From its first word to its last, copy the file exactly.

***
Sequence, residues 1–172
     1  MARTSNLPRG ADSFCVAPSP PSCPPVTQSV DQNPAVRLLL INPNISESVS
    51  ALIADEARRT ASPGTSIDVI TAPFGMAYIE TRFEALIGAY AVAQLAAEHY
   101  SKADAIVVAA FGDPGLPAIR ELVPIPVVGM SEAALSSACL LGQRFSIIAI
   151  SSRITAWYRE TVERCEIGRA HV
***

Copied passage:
Sequence, residues 1–172
     1  MARTSNLPRG ADSFCVAPSP PSCPPVTQSV DQNPAVRLLL INPNISESVS
    51  ALIADEARRT ASPGTSIDVI TAPFGMAYIE TRFEALIGAY AVAQLAAEHY
   101  SKADAIVVAA FGDPGLPAIR ELVPIPVVGM SEAALSSACL LGQRFSIIAI
   151  SSRITAWYRE TVERCEIGRA HV